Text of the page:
Originally published on ProAgile’s blog

That was the question I posed on Twitter yesterday. I got a huge pile of answers, some of them surprised me! This article is my way of thanking everyone for sharing their ideas.

You can see the whole picture in this pdf which you are free to download.

Of course I asked this question mostly because I was curious whether anyone else would say the same things as me. I primed the discussion with my personal list, asked people to ”like” any responses they agreed with and reply with their own additions.

I was really pleased with how many people took the trouble to write something. Some of the things I hadn’t thought of at all.

I went through all the replies and summarized the main ideas on postit notes. (I didn’t try to transcribe every one). Then I grouped them by area and added some colours and headlines. The picture above is what I came up with in the end. Eight areas that emerged:

  • Human needs
  • Teamwork
  • Learning and professional development
  • Making progress and achieving a Flow state
  • Meaningful relationship with end users and customers
  • Building something important
  • Good code and coding environment
  • Shared coding rules and architecture

Some ideas would fit in more than one area of course, in which case I tried to put them near the boundary.

The main point that surprised me was the number of people who wanted peace and quiet – long stretches of uninterrupted time. I interpret that as a desire to reach the ’flow’ state that you get when you become so absorbed in what you’re doing that you are no longer conscious of time passing. It’s a wonderfully rewarding state to be in. I guess I never found silence to be a prerequisite for that, I get it in a pair or ensemble too.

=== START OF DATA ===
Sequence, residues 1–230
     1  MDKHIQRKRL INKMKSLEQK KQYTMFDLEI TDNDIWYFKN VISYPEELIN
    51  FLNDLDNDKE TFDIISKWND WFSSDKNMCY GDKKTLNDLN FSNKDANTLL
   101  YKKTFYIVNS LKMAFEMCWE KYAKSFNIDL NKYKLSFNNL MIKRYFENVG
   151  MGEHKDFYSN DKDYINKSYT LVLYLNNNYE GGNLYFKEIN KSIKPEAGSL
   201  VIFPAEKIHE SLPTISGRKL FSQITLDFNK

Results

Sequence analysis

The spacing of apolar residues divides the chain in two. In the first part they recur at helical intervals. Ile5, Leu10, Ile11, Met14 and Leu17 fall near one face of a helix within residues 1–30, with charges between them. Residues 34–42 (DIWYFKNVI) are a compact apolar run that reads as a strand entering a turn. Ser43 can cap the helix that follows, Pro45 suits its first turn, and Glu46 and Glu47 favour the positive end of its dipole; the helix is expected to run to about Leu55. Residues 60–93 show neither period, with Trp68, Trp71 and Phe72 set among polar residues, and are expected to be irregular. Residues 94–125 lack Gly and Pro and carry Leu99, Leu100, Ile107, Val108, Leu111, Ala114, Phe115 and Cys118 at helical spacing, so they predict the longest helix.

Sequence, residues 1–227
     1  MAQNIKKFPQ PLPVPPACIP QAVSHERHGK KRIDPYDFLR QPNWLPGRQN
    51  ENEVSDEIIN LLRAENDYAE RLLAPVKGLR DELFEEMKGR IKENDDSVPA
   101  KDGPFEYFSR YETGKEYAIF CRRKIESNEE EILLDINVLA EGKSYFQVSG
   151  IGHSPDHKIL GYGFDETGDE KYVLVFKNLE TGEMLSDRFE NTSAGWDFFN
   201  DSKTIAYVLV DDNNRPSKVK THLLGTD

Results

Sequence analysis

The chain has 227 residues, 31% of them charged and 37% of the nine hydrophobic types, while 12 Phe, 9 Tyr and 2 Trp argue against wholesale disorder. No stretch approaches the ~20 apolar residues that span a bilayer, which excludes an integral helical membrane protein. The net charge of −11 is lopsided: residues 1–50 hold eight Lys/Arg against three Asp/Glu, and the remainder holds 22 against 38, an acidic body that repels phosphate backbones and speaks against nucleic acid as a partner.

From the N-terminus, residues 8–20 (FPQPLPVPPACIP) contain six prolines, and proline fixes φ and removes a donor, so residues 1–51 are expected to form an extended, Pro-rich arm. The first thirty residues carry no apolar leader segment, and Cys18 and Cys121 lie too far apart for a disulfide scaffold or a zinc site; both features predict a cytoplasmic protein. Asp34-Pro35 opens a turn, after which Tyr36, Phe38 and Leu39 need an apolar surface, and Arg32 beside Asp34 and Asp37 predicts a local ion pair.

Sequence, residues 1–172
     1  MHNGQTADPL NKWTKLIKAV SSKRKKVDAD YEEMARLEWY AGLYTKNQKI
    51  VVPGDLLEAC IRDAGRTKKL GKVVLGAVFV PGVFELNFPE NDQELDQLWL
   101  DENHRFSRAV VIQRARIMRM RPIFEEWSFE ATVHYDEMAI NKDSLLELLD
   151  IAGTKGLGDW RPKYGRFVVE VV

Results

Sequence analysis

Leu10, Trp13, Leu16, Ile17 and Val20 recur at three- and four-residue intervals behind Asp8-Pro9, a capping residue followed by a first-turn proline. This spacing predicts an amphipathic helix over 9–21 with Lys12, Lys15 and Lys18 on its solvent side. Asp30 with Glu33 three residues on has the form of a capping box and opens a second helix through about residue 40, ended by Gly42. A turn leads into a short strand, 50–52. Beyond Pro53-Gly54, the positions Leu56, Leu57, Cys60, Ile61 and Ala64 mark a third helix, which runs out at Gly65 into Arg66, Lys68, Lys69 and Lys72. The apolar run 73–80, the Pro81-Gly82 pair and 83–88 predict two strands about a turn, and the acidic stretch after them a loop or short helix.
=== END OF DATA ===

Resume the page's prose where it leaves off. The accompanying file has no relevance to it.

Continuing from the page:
The most popular kinds of ideas, that got the most likes, were mostly around the ’human needs’ category. We’re all people, including software developers 🙂

I’m interested in this question not only from idle curiosity. I regularly give talks at conferences and company events attended by lots of software developers. I want to understand the kinds of challenges developers have in their daily work and connect that to the things I can help them with. I don’t want to just cause additional boring meetings taking people away from fun coding!

Thanks to everyone who contributed to the discussion on Twitter. I think I learnt something from it, I hope you like my summary.